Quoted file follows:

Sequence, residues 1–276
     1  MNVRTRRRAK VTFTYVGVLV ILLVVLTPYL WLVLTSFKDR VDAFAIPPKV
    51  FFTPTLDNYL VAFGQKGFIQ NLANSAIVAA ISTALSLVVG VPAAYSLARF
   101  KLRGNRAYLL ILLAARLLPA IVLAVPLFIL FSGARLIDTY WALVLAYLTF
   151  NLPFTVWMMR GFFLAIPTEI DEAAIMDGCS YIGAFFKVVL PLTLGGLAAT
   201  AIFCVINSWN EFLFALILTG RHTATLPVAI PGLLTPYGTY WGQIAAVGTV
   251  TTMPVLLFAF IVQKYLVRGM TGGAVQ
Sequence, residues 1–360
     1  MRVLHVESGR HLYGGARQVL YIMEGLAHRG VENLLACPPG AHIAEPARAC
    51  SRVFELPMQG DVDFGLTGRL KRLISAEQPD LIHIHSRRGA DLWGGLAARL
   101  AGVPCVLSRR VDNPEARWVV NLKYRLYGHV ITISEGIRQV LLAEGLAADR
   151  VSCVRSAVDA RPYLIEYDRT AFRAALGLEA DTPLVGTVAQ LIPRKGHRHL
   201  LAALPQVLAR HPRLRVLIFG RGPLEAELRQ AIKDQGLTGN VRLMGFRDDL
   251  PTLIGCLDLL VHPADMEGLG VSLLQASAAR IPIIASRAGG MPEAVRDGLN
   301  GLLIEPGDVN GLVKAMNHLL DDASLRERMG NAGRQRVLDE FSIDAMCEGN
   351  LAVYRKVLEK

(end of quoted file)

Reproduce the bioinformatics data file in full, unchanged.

Sequence, residues 1–276
     1  MNVRTRRRAK VTFTYVGVLV ILLVVLTPYL WLVLTSFKDR VDAFAIPPKV
    51  FFTPTLDNYL VAFGQKGFIQ NLANSAIVAA ISTALSLVVG VPAAYSLARF
   101  KLRGNRAYLL ILLAARLLPA IVLAVPLFIL FSGARLIDTY WALVLAYLTF
   151  NLPFTVWMMR GFFLAIPTEI DEAAIMDGCS YIGAFFKVVL PLTLGGLAAT
   201  AIFCVINSWN EFLFALILTG RHTATLPVAI PGLLTPYGTY WGQIAAVGTV
   251  TTMPVLLFAF IVQKYLVRGM TGGAVQ
Sequence, residues 1–360
     1  MRVLHVESGR HLYGGARQVL YIMEGLAHRG VENLLACPPG AHIAEPARAC
    51  SRVFELPMQG DVDFGLTGRL KRLISAEQPD LIHIHSRRGA DLWGGLAARL
   101  AGVPCVLSRR VDNPEARWVV NLKYRLYGHV ITISEGIRQV LLAEGLAADR
   151  VSCVRSAVDA RPYLIEYDRT AFRAALGLEA DTPLVGTVAQ LIPRKGHRHL
   201  LAALPQVLAR HPRLRVLIFG RGPLEAELRQ AIKDQGLTGN VRLMGFRDDL
   251  PTLIGCLDLL VHPADMEGLG VSLLQASAAR IPIIASRAGG MPEAVRDGLN
   301  GLLIEPGDVN GLVKAMNHLL DDASLRERMG NAGRQRVLDE FSIDAMCEGN
   351  LAVYRKVLEK